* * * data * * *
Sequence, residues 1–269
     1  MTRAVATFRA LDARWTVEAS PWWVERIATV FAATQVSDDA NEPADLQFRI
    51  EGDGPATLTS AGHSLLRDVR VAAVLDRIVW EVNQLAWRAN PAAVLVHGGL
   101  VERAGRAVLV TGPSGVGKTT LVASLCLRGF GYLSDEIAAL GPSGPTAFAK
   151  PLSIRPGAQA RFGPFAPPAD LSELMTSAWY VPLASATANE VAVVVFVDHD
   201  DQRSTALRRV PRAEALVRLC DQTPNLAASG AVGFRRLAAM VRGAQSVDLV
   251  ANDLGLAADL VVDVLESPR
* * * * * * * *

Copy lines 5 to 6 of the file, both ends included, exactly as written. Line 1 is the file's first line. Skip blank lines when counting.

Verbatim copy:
   151  PLSIRPGAQA RFGPFAPPAD LSELMTSAWY VPLASATANE VAVVVFVDHD
   201  DQRSTALRRV PRAEALVRLC DQTPNLAASG AVGFRRLAAM VRGAQSVDLV